Re: Intro -- James McGarrahan LO3888

lifvendahl thomas (
Mon, 27 Nov 1995 09:00:13 -0600 (CST)

Replying to LO3868 --

On Sun, 26 Nov 1995 wrote:

> In a message dated 95-11-26 16:59:48 EST, you write:
> >You have chosen to cite examples from Marine Corps history that honor the
> >"China Marine" era. Nothing wrong with that, but I would argue that the
> >modern, information driven, highly administrated enviornment the
> >contemporary Marine Corps has to operate in requires sophisticated
> >"knowledges" that require a newer organizational dynamic. The Marine
> >Corps "core" values hopefully have not changed. The operational
> >enviornment has. Thus utilizing the "knowledges" of all individual
> >Marines is important, regardless of rank or gender.
> Agree, but I believe (please correct if you think I'm wrong) that Marine
> Expeditionary Forces as well as other forms of *combat* organization used
> by the Corps have traditionally been and are today *task organized*. This
> is a highly adaptive method which actually "reaches down" to individual
> assignements by knowledge, skill, and experience at both the enlisted and
> commissioned levels. I say this as a matter of *practicality." The Corps
> is a relatively small organization by service standards and the common
> core values have a by-product called the "Back Channel", "Grapevine",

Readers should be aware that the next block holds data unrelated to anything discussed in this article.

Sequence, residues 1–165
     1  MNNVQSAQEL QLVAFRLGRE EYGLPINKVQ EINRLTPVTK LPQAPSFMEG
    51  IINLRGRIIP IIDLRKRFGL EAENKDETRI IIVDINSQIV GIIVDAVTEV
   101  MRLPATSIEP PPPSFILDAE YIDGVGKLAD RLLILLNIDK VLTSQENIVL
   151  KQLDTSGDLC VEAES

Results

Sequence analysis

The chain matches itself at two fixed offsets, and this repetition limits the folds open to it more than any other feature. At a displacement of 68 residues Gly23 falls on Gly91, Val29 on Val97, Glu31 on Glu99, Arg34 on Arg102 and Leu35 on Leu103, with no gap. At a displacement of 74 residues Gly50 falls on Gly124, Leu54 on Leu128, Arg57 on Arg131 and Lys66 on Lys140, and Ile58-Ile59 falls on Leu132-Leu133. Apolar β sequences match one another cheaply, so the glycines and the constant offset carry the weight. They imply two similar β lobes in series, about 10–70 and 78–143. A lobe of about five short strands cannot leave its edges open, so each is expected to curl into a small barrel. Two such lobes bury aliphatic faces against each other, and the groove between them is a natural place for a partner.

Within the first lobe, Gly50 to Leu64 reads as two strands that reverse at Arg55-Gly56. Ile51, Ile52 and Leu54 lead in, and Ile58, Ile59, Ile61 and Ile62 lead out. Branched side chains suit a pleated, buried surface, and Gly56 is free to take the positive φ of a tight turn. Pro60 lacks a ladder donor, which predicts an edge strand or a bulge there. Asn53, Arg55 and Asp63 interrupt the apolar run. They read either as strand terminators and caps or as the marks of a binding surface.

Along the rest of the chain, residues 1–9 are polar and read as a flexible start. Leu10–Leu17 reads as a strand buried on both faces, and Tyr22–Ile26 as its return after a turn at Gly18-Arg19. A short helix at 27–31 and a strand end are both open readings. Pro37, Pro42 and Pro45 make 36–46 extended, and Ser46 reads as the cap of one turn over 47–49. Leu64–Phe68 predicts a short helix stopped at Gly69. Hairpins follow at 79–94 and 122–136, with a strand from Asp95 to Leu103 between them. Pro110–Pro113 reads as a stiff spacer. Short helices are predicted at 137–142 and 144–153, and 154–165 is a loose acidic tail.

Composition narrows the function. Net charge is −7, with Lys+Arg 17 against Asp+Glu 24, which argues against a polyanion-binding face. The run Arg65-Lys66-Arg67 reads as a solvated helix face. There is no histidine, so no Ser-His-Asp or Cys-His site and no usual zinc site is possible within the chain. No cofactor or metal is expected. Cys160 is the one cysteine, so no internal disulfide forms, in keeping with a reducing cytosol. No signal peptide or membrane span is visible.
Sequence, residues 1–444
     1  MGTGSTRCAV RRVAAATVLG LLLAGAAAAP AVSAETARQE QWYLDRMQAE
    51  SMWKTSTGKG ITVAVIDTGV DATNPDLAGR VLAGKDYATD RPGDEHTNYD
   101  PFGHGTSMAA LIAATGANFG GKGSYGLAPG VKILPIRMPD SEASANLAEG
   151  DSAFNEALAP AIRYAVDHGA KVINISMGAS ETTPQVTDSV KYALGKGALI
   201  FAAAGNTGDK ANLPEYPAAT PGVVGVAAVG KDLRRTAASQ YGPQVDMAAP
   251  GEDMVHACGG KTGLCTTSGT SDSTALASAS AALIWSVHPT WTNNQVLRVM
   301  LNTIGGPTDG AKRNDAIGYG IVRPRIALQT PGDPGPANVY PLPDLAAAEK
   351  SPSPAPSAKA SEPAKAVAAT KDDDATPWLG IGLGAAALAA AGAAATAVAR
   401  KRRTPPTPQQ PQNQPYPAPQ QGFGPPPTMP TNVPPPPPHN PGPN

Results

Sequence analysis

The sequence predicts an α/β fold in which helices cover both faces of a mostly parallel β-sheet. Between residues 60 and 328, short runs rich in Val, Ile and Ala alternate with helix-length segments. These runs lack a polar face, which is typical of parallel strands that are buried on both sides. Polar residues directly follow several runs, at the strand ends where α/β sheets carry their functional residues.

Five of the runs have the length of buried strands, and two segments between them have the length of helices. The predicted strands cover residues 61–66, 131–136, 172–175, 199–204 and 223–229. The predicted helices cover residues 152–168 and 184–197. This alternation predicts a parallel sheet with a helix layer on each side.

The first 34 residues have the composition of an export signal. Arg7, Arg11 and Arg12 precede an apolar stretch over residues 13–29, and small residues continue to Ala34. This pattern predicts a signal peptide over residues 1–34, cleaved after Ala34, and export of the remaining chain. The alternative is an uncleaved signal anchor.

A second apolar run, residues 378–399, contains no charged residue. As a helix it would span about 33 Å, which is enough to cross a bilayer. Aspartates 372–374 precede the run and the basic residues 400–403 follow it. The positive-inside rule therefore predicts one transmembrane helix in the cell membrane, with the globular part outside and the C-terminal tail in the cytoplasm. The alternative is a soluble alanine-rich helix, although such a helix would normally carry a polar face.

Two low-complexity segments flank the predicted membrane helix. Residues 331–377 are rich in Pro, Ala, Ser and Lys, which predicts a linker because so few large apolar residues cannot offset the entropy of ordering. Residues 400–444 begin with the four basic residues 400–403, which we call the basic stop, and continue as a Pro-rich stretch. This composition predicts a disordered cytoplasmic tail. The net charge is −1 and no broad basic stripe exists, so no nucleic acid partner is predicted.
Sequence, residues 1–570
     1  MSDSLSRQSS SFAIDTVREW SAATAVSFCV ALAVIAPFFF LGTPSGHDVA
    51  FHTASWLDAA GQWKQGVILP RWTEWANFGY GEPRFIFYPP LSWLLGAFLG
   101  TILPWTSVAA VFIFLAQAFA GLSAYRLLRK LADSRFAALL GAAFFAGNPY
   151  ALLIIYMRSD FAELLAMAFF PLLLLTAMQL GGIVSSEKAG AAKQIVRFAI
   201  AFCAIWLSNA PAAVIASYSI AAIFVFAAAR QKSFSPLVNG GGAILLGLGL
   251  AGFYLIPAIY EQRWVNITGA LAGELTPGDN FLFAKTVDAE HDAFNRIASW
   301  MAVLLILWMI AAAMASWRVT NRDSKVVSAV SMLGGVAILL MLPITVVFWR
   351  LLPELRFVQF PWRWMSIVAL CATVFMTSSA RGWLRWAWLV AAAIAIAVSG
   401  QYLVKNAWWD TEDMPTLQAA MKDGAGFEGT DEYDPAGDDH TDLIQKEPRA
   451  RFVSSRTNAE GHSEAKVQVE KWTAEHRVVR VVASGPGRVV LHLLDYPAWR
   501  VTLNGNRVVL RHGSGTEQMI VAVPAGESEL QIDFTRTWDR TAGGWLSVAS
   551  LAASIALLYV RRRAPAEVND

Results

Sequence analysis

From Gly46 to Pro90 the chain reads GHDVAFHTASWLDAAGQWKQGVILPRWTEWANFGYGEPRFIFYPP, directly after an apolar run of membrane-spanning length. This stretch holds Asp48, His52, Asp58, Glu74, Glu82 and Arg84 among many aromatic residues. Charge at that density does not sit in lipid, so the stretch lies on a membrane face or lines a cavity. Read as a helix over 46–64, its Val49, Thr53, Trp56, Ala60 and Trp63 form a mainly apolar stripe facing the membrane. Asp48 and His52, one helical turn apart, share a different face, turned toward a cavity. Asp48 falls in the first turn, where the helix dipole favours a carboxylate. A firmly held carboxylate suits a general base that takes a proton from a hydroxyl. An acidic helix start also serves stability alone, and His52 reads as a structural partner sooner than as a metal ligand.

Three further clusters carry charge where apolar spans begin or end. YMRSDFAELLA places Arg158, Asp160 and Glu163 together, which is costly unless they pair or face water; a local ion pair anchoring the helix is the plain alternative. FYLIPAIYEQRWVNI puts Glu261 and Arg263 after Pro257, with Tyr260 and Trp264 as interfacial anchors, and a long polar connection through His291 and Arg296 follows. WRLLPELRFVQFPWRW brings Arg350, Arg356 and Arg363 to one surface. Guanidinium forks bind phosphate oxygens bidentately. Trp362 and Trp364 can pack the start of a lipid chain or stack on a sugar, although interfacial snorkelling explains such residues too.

> "Jungle Network" or what have you. Studying this informal network, which,
> IMHO, is a critical element, would be important to any fruitful change in
> organization.
> Thanks for the opportunity to discuss. I'm interested in your (correct)
> comment that this was written largely of China Marines.
> Hal Popplewell

Hi Hal:

An excellent observation. Informal communications can make or break any
organization and I would believe that studying it as a phenomenon would be
most interesting. Given that I am looking for post-doctoral
employment/research, maybe this line of inquiry can be followed in some
future way.

My reference to China Marines (post-WWI to just before WWII service in the
far east) was used to point out a level of professionalism and mind set
that tends to act a "benchmark of excellence" for many Marines. Thanks
for your input.

Thomas A. Lifvendahl, Ed.D.
Northern Illinois University
RE/ACE Office
DeKalb, Illinois 60115